6. Improves Acceleration & Speed

While using a harness on the sled, runners need to increase the amount of force they use to take off. Performing this exercise over time can aid in improving your acceleration and speed. 

How To Do The Sled Pull

This is how to perform the sled pull aka sled drag:

  1. Add the appropriate amount of weight plates to the sled. 
  2. Attach a shoulder harness or specialized vest to the sled. 
  3. Stand facing away with the sled positioned behind you.
  4. If you are using upper-body straps with handles or loop attachments, pull them over your shoulders or under your armpits.
  5. Get in position by placing one foot in front of the other. 
  6. Lean forward and stay as low as possible as you drive with your legs and propel forward through your hips and legs.
  7. Walk for at least 15-25 meters per set.

Sled Pull Tips

Here are a few tips that can help you make the most of the sled drag:

  1. Before performing the exercise, make sure you have warmed up your lower body with some light cardio. Heavy sled drags can increase your chances of a quad or hamstring injury if done without a thorough warm-up. 
  2. After you are done with your warm-up, spend at least five minutes stretching your legs. 
  3. If you have never done sled pulls before, you would be better off starting with a light weight until you nail down the perfect form. 
  4. Staying on your toes while performing the exercise will recruit more of your quadriceps. 
  5. On the other hand, if you want to focus on your hams or glutes, then reach your arms and hands forward and plant your heel first while ‘pulling’ yourself forward with your heels.
  6. Using knee straps can help elevate excessive stress from your joints. They are a must for people recovering from related lower-body injuries. Similarly, wearing a weightlifting belt can also keep off unnecessary tension from your lower back. 
  7. Pro tip: Always keep moving while performing sled drags. Momentum is your friend while performing the exercise. Stopping and starting often makes the movement harder.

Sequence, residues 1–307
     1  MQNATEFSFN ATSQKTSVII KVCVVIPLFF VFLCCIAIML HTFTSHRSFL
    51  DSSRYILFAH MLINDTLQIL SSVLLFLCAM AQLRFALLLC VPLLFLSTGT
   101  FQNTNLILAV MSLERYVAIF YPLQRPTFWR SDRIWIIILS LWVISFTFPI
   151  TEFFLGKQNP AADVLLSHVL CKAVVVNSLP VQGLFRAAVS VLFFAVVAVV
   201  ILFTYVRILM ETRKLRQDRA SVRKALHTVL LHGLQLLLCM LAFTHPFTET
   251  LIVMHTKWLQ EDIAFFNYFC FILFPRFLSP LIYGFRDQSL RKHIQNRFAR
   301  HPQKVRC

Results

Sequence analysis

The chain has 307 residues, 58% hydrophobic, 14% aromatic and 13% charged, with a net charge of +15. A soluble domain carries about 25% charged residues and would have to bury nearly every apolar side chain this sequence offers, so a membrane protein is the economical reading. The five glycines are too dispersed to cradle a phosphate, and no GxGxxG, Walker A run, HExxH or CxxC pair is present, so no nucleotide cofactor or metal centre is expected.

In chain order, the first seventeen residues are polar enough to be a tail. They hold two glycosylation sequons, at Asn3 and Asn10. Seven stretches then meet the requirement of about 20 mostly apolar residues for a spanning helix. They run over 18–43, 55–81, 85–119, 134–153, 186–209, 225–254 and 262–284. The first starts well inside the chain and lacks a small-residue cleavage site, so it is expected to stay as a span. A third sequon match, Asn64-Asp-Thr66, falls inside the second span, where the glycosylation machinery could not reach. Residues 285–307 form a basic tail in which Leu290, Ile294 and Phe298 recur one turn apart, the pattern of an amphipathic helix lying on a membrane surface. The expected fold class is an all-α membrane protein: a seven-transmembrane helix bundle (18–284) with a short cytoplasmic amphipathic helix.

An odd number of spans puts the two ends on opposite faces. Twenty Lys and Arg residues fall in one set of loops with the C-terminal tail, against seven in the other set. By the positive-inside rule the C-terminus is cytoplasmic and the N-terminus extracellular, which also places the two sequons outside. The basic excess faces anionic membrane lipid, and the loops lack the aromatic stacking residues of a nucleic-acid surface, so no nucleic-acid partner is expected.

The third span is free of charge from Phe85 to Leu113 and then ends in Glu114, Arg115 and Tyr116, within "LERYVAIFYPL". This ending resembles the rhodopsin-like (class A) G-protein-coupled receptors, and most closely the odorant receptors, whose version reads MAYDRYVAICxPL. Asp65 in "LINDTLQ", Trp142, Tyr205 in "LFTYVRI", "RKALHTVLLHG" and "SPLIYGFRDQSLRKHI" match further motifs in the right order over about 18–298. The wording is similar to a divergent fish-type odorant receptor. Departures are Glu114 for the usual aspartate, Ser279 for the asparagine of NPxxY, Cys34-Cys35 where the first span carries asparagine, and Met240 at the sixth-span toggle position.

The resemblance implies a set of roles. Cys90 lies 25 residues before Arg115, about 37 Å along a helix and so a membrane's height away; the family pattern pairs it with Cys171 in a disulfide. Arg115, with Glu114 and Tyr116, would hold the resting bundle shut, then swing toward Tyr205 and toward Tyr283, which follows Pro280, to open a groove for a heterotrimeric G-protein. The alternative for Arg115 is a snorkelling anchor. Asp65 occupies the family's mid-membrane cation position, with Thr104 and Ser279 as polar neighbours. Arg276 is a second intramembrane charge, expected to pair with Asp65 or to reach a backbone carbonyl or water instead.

Check Out: Ben Patrick ‘KneesOverToesGuy’ and Joe Rogan Discuss The Efficacy of Sled-Pulling For Knee Health

How To Sled Pull For Speed

Sled dragging can help you achieve several objectives. Here is how to use a sled pull to improve your speed:

  1. Load the sled with 25% of your maximum load. 
  2. Get in position, and start dragging the sled as fast as you can.
  3. Pull for 10-20 yards.
  4. Rest for 30-60 seconds.
  5. Repeat 4-6 times, resting not more than 30-60 seconds between sets. 

How To Sled Pull For Power

If your primary objective is to build power, you should be using more weight compared to what you used while sled pulling for speed.

  1. Load the sled with 70% of your maximum load. If you are not sure about the maximum weight you can pull, go with a weight that is 70% of your body weight.
  2. You might need to change this weight after assessing your performance on the first set.
  3. Engage your core and start pulling the sled forward as fast as possible.
  4. Push for 10-25 yards.
  5. Rest for 30-60 seconds.
  6. Repeat 4-6 times, resting not more than 30-60 seconds between sets. 

How To Sled Pull for Endurance 

While sled dragging for endurance, you do not have a distance goal. You will be pulling for a time goal. 

  1. Load the sled with 25% of your maximum load. 
  2. Engage your core and start pulling the sled forward.
  3. Drag the sled for at least one minute.
  4. You do not need to drag as fast as you can since this is not for speed or power.
  5. Rest for 30-60 seconds.
  6. Repeat 8-10 times. Rest for 30-seconds between sets.

Check Out: Ex-NFL Linebacker James Harrison Celebrates 42nd Birthday By Pushing 1,960lb Sled

Sled Pull Variations

The versatility of the sled pull allows you to use the exercise to target different muscle groups. Here are some of the most effective variations and alternatives of the sled drag:

1. Backward Sled Pull

In this exercise, you will be facing the sled and walking backward. The backward sled pull puts a greater emphasis on your back, glutes, and hamstrings.


  1. Load an appropriate weight onto a sled and attach a shoulder or hand harness to it.